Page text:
Grad Speech: My Top Ten List

My graduating MBA students recently voted to give me their Teaching Excellence award for 2020-21 – thank you thank you thank you! Here’s a snapshot of my acceptance speech; my Top Ten list:

  1. It’s all about China (in international business, that is)
  2. Keep digging deeper – look beneath the obvious & the superficial

 This reminded me of an old banking legend about a well-dressed woman who came into a bank branch in Manhattan to request a cash loan of $5000 for a two-week vacation in Cancun. The banker said, I can’t lend without collateral; I don’t even know you.

But the woman replied, See that Rolls Royce parked at the curb? It’s worth $150,000; you can keep it as collateral if I don’t pay. And so the banker approved the loan.

Two weeks later, the woman returned to the bank with $5000 and $15 interest (two weeks at 8%). The banker’s assistant pulled her car up to the door.

Walking the woman out to her car, the banker said, I checked you out and you’ve got plenty of money. Why borrow $5000 for your vacation?

And the woman replied, How else could I park in Manhattan for two weeks for just $15?

 3. Girls education is the silver bullet to development

4. On the other hand…remember there’s always another hand, and another, and another. Think about all sides to the problem!

5. Don’t be afraid to put family first: It’s a legitimate option. This may not be your choice – which is fine! – but hopefully it is an option. For me, personally, in every decision that forced me to choose between family and job, I chose family.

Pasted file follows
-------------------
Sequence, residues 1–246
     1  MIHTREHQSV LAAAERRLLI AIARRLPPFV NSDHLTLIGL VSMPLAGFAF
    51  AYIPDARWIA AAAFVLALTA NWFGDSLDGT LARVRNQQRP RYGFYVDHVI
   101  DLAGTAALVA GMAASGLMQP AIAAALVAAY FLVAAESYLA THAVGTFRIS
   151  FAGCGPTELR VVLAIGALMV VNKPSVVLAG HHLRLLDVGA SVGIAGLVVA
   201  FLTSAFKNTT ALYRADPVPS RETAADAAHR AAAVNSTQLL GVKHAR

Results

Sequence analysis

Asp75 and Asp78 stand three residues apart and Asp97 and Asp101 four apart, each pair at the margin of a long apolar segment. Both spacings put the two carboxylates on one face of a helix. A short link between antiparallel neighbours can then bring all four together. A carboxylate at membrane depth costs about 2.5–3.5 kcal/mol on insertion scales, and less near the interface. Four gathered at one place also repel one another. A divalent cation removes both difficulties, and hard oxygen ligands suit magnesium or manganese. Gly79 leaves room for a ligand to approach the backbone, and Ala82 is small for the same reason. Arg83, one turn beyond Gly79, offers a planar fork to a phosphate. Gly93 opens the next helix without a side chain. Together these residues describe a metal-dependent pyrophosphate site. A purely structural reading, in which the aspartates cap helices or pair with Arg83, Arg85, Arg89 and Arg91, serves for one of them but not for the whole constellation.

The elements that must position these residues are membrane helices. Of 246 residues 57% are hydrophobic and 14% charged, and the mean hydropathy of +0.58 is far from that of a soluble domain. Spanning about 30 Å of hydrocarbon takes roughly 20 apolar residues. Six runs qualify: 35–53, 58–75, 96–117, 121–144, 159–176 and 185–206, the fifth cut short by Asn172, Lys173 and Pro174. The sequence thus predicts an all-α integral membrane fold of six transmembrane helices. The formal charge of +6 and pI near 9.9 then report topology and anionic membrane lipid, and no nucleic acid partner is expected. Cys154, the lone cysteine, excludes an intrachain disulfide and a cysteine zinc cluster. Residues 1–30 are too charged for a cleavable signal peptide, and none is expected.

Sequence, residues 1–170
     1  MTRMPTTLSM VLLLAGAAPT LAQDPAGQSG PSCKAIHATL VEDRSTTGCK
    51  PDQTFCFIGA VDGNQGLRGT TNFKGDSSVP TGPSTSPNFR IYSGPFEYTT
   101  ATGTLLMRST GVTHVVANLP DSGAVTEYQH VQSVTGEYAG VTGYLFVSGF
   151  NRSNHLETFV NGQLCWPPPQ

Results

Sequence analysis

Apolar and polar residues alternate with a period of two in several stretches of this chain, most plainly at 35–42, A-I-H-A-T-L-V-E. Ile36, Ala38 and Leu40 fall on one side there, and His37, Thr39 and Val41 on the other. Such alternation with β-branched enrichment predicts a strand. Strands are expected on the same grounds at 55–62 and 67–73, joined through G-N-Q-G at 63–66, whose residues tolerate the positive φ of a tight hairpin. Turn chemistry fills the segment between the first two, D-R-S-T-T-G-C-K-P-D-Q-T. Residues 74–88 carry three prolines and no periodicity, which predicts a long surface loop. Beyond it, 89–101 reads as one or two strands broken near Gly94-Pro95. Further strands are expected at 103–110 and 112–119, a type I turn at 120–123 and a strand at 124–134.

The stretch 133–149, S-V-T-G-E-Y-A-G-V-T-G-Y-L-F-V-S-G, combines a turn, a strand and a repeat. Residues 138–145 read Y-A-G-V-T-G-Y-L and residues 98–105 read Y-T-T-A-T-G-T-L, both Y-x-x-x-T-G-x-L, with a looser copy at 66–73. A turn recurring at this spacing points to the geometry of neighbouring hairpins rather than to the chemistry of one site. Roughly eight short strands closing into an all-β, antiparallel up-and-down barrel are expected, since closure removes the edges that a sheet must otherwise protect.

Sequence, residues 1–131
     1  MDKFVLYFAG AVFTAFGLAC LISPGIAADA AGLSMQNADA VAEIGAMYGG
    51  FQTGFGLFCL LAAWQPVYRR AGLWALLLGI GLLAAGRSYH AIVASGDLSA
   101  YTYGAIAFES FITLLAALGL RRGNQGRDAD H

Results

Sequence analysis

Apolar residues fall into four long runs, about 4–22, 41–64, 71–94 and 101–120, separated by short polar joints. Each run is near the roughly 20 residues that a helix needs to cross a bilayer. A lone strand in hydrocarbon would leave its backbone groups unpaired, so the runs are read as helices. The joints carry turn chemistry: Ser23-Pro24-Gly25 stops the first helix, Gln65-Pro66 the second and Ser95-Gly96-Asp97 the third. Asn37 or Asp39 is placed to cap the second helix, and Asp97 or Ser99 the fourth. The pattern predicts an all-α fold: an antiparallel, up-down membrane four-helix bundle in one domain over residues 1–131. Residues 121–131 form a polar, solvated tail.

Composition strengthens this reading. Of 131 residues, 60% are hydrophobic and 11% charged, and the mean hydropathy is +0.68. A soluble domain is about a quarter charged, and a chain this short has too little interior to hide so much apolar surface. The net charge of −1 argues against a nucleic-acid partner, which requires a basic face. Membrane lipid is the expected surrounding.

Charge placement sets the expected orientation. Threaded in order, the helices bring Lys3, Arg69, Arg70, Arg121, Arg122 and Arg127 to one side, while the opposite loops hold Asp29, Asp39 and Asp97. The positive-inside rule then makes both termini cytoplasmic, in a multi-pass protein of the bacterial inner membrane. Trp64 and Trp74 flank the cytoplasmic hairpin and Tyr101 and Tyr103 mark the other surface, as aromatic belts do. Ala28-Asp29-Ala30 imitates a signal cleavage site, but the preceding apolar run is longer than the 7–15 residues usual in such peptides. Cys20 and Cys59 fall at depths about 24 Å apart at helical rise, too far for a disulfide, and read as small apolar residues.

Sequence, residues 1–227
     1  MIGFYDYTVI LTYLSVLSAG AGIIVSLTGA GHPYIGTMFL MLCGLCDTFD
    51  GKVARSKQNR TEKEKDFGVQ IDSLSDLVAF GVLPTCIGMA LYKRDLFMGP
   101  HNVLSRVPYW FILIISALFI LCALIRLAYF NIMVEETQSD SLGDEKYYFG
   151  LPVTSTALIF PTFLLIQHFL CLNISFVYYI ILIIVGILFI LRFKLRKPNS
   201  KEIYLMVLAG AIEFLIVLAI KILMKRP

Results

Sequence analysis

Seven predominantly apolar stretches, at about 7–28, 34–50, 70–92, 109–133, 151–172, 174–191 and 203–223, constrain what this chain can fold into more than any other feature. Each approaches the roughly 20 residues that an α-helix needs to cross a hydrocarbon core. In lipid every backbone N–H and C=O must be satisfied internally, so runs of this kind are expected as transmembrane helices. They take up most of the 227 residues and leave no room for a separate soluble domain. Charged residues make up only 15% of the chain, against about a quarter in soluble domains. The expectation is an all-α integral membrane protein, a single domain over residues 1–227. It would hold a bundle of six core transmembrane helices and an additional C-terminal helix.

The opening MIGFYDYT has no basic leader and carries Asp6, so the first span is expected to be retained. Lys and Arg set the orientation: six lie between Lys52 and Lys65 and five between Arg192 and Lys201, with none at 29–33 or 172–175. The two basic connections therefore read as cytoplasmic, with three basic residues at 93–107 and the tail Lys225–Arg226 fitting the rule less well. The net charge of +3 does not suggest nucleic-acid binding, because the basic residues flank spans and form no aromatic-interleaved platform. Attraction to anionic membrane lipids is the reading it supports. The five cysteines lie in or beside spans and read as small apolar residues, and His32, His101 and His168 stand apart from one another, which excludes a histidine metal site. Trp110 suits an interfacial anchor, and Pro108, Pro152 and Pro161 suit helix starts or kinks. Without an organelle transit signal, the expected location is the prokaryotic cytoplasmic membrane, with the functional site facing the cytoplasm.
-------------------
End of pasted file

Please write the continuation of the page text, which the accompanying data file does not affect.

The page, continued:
6. There are no free lunches or miracles in finance: You can’t abolish the risk-reward tradeoff. I once heard a story about a tourist who goes to a zoo and sees a lion and lamb lying together in one cage. The amazed tourist asked the zookeeper, How do you manage to keep a lion and a lamb together? The zookeeper explained: It’s easy, we just put in a new lamb every morning

7. In finance, character matters more than numbers. The great financier J.P. Morgan once told a Senator this, and the Senator asked, “Is not commercial credit based primarily upon money or property?” Morgan replied, “No, sir; the first thing is character.” The disbelieving Senator persisted: Really? Before money & property? And Morgan answered, Before money or anything else. Character is everything.

8. Remember the front page of the New York Times: If something is likely to look bad on the front page of the Times, then it’s probably a bad idea.

9. You are in the midst of a financial revolution: Put gender and social issues front and center in every decision you make.

10. Ask questions. The infamous financial scammer Bernie Madoff justified his actions by saying that his hapless investors were “sophisticated people” and should have known better. “People asked me all the time, how did I do it,” he explained. “And I refused to tell them, and they still invested. Things have to make sense to you. You should ask good questions.” Great financial disasters usually happen because people don’t understand what’s going on, and don’t ask enough questions.

 So get out there, and use this education plus your own skills and talents – and do well, and do good!